Reiling said his Village does not solely cater to the needs of its community members. He said he wants to get all who are interested in film on GW’s campus involved.
The community members contacted electronic media students last semester and this summer through the major’s listserv, and they have already received some “good” responses, Reiling said. He also said the men know and work with some electronic media faculty and staff, “so that’s always a good way to get our messages out.”
The housemates are currently working on a Web site to showcase student films, and said they would like to have a student film festival second semester.
Reiling said he is looking forward to learning “how to make awesome films” this year and “get(ting) kids involved.”
The Spiritual Awakenings community wants to combat religious prejudice on GW’s campus by educating and getting students involved with religions other than their own.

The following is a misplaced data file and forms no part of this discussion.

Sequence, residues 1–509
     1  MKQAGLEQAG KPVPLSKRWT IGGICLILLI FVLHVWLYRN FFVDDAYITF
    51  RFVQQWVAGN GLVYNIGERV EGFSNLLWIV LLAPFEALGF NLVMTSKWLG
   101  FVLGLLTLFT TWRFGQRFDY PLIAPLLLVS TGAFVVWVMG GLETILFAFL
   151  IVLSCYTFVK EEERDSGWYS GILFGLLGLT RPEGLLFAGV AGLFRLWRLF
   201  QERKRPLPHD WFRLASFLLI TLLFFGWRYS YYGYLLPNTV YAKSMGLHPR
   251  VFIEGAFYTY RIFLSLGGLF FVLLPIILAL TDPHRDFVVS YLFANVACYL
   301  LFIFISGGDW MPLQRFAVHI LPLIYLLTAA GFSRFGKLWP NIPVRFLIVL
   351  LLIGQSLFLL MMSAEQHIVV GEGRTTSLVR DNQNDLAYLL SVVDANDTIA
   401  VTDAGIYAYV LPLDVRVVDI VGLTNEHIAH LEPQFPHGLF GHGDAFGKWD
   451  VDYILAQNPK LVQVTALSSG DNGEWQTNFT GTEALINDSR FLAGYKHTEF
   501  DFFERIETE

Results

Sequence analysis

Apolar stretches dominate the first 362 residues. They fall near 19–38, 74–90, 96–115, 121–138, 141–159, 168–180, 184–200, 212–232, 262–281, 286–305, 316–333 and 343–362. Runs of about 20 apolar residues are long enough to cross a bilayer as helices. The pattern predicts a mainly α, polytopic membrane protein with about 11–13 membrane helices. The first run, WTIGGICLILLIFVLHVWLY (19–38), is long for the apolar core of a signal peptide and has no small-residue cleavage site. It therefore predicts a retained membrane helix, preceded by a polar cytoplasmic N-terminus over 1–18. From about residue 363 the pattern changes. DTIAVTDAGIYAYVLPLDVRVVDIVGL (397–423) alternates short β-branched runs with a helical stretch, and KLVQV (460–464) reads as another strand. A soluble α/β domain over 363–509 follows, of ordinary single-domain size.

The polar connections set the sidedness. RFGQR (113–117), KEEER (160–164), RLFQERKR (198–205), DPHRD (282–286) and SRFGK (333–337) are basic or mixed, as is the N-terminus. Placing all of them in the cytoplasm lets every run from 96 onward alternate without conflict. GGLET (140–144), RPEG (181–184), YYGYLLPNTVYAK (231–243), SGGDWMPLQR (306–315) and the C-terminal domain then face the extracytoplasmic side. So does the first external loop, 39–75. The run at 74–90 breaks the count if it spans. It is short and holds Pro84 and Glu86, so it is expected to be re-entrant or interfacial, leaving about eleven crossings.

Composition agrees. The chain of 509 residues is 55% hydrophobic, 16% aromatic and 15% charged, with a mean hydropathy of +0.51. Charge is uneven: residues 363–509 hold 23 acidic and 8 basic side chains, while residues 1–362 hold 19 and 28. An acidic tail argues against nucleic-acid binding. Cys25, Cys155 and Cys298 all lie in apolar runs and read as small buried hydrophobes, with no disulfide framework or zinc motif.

Sophomore Abbey Curran said she wants everyone at GW “who feels that they can in any way give to or benefit from our Living and Learning
Community to know that our community is out here and waiting to hear from them.”
Activities include celebrating the Hindu holiday Jain Murthi Prathistapra in September, attending a lecture at the Zen Buddhist Center of Washington in October, and celebrating Shabbat, the Jewish Sabbath, at Hillel on campus and visiting the Holocaust museum in November.
Each month the residents will study a religion that is unfamiliar to at least one of the housemates. The women’s religions range from Judaism to Christianity to Sikhism.
Their program also includes learning other aspects of spirituality like meditation and New Age practices.
Curran said she is excited for the year to begin, and she hopes to “personally question, explore, experience and challenge spiritual beliefs.”